Creating Value with Aviation Maintenance Metrics

Author By Jim Lara
aviation maintenance metrics

When it comes to aircraft maintenance metrics, “What gets measured gets improved.” While this is a seemingly simple statement, the big questions to ask are: What should we measure?

Why measure it? And how should we do it?

To help your maintenance team start measuring the value it needs to create for your host organization, let’s sort out the what’s and why’s so you can get to the important piece—the how.

What Metrics to Measure?

How does aviation create value for your corporation, host organization or high net worth owner?

To understand this as maintenance leaders, you must:

  • Interview your stakeholders—from the aviation department’s reporting executive to his or her boss (e.g., CEO) and/or the top travelers or customers.
  • Document what they value about aviation (e.g., availability, service, safety, security, etc.).
  • Determine how your maintenance department can help meet these expectations so you can set operational performance standards.

Why Measure?

By learning what to measure, you’ll begin to demonstrate the value your team brings to the host organization. And that’s where we get to the why.

It’s important to get this piece right because value creation:

  • Helps increase profitability.
  • Is the ultimate scorecard.
  • Explains your department’s reason for being.

By articulating your maintenance department’s value in a monthly, quarterly or even annual metrics report, your will help measurably improve the organization’s operating results and financial return.

How to Measure Aircraft Maintenance Metrics

Measuring and reporting aircraft maintenance metrics is usually commonplace. Unfortunately, most of us only go so far as measuring “activities.”

Meaning, we generally track aircraft availability and reliability, planned vs. unscheduled maintenance, on-time departures, etc.

But what we should be doing is spending concentrated effort talking to our leadership teams, department directors and reporting executives about anticipatory things.

After all, most executives want a forecast so they can predict what’s going to happen.

Ok. So how do you get started? We recommend implementing a 4-step process called Level IV Metrics:

Level I. Pull all of the raw data pertinent to your maintenance department.

Level II. Measure important activities such as reliability and availability, by serial number and by month.

Level III. Predict what future performance will bring at predetermined intervals (e.g., month or quarter) with respect to significant maintenance procedures and their costs.

Level IV. Quantify and communicate the value that your maintenance function creates for the host corporation by measuring things such as:

Financial savings associated with in-house maintenance versus outsourced parts and labor.

Timely response to unscheduled maintenance requirements which saves any trip from cancellation.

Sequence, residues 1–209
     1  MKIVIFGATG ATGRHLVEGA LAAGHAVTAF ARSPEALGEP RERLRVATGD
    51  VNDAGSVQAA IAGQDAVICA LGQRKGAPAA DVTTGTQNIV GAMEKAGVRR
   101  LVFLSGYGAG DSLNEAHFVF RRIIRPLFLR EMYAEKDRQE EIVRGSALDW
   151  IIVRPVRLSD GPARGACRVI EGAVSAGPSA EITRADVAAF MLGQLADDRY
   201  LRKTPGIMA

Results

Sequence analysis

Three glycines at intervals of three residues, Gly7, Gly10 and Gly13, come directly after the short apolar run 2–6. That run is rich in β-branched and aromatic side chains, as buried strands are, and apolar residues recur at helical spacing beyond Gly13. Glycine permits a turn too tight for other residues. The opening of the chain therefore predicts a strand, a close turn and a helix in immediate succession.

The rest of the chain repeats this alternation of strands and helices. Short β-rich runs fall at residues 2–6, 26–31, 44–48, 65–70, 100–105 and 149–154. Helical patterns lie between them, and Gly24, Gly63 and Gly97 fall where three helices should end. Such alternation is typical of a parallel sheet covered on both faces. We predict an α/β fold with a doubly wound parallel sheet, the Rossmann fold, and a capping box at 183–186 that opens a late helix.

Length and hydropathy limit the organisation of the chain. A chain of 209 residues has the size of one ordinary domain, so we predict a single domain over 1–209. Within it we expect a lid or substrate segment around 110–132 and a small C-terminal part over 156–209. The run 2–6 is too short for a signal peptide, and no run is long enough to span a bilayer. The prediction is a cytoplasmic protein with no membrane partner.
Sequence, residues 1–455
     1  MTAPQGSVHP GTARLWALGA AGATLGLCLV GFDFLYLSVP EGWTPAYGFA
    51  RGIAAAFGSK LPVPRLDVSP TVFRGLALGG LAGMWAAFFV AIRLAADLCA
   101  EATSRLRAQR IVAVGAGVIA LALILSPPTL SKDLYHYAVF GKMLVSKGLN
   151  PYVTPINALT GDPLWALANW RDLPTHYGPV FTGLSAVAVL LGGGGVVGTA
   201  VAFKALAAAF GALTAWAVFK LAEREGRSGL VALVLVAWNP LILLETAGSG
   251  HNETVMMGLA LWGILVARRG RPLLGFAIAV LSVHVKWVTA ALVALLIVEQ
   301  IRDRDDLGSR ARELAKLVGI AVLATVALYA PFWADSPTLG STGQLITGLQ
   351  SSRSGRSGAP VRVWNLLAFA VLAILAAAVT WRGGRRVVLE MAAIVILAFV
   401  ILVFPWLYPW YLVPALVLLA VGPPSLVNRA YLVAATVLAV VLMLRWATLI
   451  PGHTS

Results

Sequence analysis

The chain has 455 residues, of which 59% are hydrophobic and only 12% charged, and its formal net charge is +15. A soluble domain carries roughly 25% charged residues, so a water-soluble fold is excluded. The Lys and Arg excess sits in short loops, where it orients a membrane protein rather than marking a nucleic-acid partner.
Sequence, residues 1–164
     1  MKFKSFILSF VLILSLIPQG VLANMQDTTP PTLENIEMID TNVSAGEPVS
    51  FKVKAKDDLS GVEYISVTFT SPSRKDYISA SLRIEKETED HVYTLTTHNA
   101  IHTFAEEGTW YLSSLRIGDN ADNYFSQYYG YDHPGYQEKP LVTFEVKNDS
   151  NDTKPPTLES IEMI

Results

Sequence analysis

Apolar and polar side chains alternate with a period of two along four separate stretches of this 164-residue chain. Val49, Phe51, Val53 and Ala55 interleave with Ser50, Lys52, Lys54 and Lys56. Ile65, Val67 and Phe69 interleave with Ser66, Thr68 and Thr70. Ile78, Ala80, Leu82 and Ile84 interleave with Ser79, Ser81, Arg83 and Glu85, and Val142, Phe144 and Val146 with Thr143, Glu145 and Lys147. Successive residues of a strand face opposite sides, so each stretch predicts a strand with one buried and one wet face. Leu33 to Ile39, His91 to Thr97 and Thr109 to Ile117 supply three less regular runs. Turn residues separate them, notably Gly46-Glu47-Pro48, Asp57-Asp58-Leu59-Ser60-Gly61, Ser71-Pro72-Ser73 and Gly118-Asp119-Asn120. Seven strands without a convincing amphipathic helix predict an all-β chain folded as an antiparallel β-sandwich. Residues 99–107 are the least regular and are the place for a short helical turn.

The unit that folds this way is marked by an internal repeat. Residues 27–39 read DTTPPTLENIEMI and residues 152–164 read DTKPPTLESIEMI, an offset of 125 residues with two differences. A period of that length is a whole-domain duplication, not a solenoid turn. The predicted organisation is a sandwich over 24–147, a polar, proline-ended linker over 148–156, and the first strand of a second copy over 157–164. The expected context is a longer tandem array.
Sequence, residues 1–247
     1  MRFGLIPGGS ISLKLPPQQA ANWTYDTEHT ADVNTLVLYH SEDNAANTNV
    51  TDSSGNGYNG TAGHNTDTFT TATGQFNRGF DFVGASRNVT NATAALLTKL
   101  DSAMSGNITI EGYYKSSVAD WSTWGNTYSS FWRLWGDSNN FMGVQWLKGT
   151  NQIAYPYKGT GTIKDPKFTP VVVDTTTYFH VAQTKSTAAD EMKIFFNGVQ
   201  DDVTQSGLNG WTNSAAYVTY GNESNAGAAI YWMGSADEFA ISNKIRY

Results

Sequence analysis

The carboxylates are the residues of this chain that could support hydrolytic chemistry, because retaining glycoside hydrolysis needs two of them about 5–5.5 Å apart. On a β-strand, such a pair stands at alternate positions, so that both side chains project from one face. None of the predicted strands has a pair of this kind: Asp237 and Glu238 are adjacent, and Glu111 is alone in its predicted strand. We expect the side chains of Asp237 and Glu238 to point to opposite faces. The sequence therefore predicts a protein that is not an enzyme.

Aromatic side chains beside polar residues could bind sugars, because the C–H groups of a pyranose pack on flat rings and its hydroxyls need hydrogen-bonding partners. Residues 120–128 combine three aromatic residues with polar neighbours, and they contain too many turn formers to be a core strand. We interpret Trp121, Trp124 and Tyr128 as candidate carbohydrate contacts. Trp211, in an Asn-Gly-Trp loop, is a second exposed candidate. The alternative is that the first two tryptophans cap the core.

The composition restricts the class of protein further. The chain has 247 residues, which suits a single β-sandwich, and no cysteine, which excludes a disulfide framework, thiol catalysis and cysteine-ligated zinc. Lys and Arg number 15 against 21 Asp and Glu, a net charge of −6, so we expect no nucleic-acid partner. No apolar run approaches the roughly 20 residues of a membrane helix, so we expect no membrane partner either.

The ability to provide long-range maintenance support in remote areas of the world.

How to Measure Your Department’s Value

While each maintenance organization is unique, these examples further demonstrate how to measure your own department’s value:

Aircraft Availability
For each tail number, measure the daily availability and downtime year over year. Note the scheduled and unscheduled maintenance events that caused each aircraft to be removed from service.

Next, examine your upcoming maintenance events to determine how they can be scheduled so they don’t impact the aircraft’s normal availability. Be creative in your scheduling and tracking the difference in availability year over year. And publish the results for all to see because as we mentioned what gets measured gets improved.

Dispatch Reliability
How often are heroic efforts needed to make a last minute or overseas trip? The answer should be zero!

Consider setting a goal that each aircraft should be dispatch-ready in a certain number of minutes or hours prior to departure without any further maintenance action required.

You will spot trends for each tail and be able to take corrective and preventative actions so that heroics become unnecessary.

Return to Service Time
Let’s face it—things break. That’s life. The timeliness and effectiveness of your response is what counts. So measure the time it takes your organization to restore the airworthy status of your aircraft.

This will tell you a lot about the effectiveness of your troubleshooting, the adequacy of your spares inventory and the responsiveness of your airframe manufacturer.

Armed with this information, you can make continuous improvements in your organization’s response to unscheduled maintenance challenges.

How to Design a Maintenance Metrics Package

There are several key points to keep in mind as you design a maintenance metrics package:

Organize the data
Make it manageable, understandable and, most importantly, meaningful.

Make it relative
The data you gather and report on must resonate with executives, so consider measuring with respect to your budget, operating results, industry benchmarks by your peer aviation organizations, etc.

Keep it simple
Any reporting of metrics must communicate with the reader quickly, succinctly and with sufficient clarity so that departmental achievement can be readily identified.

With all this in mind, remember that the impact of quantifying value can be quite substantial and can help transform the way your group understands the overall company goals and howto achieve them.

Reporting on maintenance results can be inspiring and energizing, helping the entire aviation team to strive for best-in-class performance.

Next step

If you’d like assistance with setting up your own aviation metrics and performance dashboards, we’re here to help. Still not sure? You may also enjoy this client case study.